Every exam should be open book

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Photo: MizzD

Now there is software to keep students who are taking exams remotely from checking online resources.

This is stupid.

In the 2020s, students’ ability to recall facts without access to resources is irrelevant. It in no way reflects what they will need to know or do in any future situation.

Computer science students should take tests with access to StackOverflow and Google, since that’s what they’ll do in the real world.

Math and physics students should take tests with access to online textbooks. If they need the textbook — or their notes — to remember how integration by parts works, that’s fine. In any future situation where they need to integrate by parts, those resources will be available.

History students should write test essays with access to the full internet. If they copy/paste things and plagiarize, that’s easy enough to detect.

Accounting students should have access to accounting rules. Engineering students should have access to engineering software. Marketing students, political science, music theory, and sociology students should have access to every textbook they learn from in their courses.

If you’re not familiar with the content or techniques you were supposed to learn, you’ll never master it enough to demonstrate it during the time period of the exam, regardless of what resources are available to you. If you are, then access to all those resources accurately reflects how you’ll use that knowledge and those resources in real-life situations.

COVID-19 has given us the gift of online exams. Let it also give us the gift of understanding how knowledge actually works for students — and for everyone — in the twenty-first century.

4 responses to “Every exam should be open book

  1. As early as 1993, when I took my first Engineering course- Statics, it was a complete surprise to me when the professor announced we could use our textbooks and notes during exams. It honestly felt like sanctioned cheating. That put it on the professor to come up with test questions that were unlike anything found in our books and any homework we’d done so far. None of the Calculus or Science courses I had taken before that were open book. Only our Physics professor allowed us a 3 x 5 card with formulas written out to use during exams. It was also amazing when we were told that we could collaborate on homework problems. That did not sit well with me because two people with unequal ability and smarts could each turn in perfect homeworks. I concluded after Statics and subsequent courses, any professor that insisted our books remained closed was one too busy or lazy to come up with test problems that were unique. More than one professor throughout my Engineering classes told us not to sell back any of our textbooks nor throw away class notes, because we would need to have them at hand in our first job. I liken that to an open book exam for every day you’re getting your feet wet in real-life Engineering. Thank you for putting up this blog on a topic that needed to be addressed for a long time.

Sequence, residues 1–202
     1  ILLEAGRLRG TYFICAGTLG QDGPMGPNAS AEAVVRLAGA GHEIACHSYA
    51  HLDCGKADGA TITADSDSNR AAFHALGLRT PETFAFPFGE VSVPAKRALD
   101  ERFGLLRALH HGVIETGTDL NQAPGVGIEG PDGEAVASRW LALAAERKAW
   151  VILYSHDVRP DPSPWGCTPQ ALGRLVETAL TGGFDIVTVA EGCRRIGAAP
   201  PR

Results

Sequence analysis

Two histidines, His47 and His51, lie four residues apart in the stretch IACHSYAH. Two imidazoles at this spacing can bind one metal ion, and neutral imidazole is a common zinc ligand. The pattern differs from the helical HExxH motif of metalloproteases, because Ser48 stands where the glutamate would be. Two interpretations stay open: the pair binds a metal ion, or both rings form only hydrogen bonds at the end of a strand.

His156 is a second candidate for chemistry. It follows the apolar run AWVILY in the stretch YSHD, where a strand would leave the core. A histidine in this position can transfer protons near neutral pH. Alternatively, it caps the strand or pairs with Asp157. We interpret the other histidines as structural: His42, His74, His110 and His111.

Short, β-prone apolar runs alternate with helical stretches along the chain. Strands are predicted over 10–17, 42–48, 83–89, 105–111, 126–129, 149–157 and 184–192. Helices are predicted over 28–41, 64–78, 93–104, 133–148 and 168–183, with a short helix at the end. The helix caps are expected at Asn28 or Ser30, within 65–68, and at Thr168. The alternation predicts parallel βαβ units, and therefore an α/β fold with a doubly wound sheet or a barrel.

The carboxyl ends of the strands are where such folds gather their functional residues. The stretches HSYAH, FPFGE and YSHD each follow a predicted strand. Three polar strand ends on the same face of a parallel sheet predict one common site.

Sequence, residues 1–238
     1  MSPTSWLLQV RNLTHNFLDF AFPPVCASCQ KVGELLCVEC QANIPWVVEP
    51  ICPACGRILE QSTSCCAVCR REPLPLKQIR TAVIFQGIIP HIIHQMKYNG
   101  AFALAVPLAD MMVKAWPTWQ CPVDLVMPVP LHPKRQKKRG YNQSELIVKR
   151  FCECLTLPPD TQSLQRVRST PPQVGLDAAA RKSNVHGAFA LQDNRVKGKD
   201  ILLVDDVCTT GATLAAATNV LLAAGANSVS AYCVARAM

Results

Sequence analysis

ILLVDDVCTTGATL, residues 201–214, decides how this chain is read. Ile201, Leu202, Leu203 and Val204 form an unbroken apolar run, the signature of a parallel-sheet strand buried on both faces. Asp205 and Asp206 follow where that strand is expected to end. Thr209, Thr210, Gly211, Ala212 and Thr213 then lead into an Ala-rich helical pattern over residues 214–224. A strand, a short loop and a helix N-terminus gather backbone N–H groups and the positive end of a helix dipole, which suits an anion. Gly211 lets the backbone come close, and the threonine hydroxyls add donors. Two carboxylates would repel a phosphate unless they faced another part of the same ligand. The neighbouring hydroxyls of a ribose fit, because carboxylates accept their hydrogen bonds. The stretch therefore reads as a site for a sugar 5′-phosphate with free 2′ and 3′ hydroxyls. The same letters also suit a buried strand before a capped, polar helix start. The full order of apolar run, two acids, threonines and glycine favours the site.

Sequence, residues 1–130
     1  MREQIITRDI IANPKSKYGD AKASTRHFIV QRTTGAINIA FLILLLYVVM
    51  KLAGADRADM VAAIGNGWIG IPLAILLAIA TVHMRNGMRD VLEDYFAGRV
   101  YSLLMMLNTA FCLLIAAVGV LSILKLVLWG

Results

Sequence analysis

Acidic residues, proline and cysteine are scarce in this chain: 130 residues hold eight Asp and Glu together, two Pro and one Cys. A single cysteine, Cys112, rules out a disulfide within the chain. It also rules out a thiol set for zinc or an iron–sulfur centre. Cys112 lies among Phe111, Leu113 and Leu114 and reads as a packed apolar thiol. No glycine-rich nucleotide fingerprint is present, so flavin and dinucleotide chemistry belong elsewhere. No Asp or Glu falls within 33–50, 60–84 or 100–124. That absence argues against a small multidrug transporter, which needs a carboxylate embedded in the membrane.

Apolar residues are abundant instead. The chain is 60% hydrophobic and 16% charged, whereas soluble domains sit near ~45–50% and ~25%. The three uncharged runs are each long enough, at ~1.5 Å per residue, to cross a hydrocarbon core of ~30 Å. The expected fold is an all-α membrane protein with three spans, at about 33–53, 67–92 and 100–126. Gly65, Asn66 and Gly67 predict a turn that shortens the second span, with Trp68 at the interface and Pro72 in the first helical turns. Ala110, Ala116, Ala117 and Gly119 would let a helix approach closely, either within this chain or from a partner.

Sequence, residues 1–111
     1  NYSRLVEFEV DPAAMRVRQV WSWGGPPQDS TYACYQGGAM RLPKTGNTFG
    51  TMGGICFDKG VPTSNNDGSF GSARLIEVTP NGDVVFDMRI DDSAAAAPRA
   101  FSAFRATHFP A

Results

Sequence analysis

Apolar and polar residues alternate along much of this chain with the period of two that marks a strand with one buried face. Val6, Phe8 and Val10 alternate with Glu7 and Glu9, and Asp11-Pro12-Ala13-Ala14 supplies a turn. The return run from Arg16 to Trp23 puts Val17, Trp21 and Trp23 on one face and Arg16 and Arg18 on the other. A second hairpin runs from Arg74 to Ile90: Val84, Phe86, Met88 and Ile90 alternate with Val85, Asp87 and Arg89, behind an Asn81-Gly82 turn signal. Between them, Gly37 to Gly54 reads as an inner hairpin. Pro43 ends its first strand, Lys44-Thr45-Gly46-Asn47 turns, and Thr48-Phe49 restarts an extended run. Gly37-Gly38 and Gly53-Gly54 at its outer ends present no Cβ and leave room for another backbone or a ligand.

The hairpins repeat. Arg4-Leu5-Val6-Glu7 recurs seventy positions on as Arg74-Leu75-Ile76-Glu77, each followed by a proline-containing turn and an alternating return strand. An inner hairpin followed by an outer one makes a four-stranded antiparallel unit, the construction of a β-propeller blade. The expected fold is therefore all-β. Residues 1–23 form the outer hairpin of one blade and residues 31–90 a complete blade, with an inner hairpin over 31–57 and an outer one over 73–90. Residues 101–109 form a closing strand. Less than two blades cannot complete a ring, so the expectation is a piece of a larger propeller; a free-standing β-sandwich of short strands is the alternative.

2. This can bite the professor on occasion.
    I remember an open book calculus exam during my engineering schooling where I noticed that the professor had pulled a question verbatim from one of our books that included the full solution. Free points. At least after I had triple checked that it was indeed the exact same problem.

  3. Josh: You’re a mathematician so you’ll appreciate this little yarn.

    As a junior at Carnegie Mellon, a professor in a decision-analysis class gave a unique test:

    Open book and notes
    20 multiple choice-questions with four options each

    Seems pretty standard, right? You’d think, but here’s the catch: Students didn’t select an answer per se. They indicated the probability that each answer was correct. Yes, all probabilities had to sum to 100 percent.

    Professor Fischbeck would then take the probability of the correct answer and insert it as a variable in a logarithmic formula. The maximum points earned per question was five. If a student put zero next to any correct choice, however, then the formula returned negative infinity. Get 19/20 right but put zero in the wrong question, and you received negative infinity and failed the test. To prevent student whining, the professor wrote on the board in capital letters: Don’t put zero next to any answer.

    My strategy was simple: Narrow down as much as possible. I often put 0.45 for B and C a few times when I wasn’t sure about the answer. I’d put 0.05 for A and D, respectively.

    I received a 36 or so on one test and immediately panicked. A few minutes later, I looked at the chalkboard and realized that I scored the second highest in the class. At least one student always scored negative infinity. Always.

    For the final, I forgot my notes and book. (D’oh!) Rather than scramble back to my dorm, I just started taking the test after Fischbeck said to me, “Nice haircut.” (Yeah, I had hair.)

    I knew the material. I did well in the class but, more important, learned a great deal about dealing with uncertainty and critical thinking. Those lessons have stayed with me nearly 30 years later.

  4. As a classroom math teacher, my concern is much less “student will look up a worked example of solving by completing the square, and model from that work” – I’d love if more of my students picked up the skill of doing this at any time, including a test – and is much more “student will use wolfram alpha or PhotoMath to generate the solution and steps, which student then copies”. Humanities courses may run essays through plagiarism detection software, that might be a useful concept for comparison.

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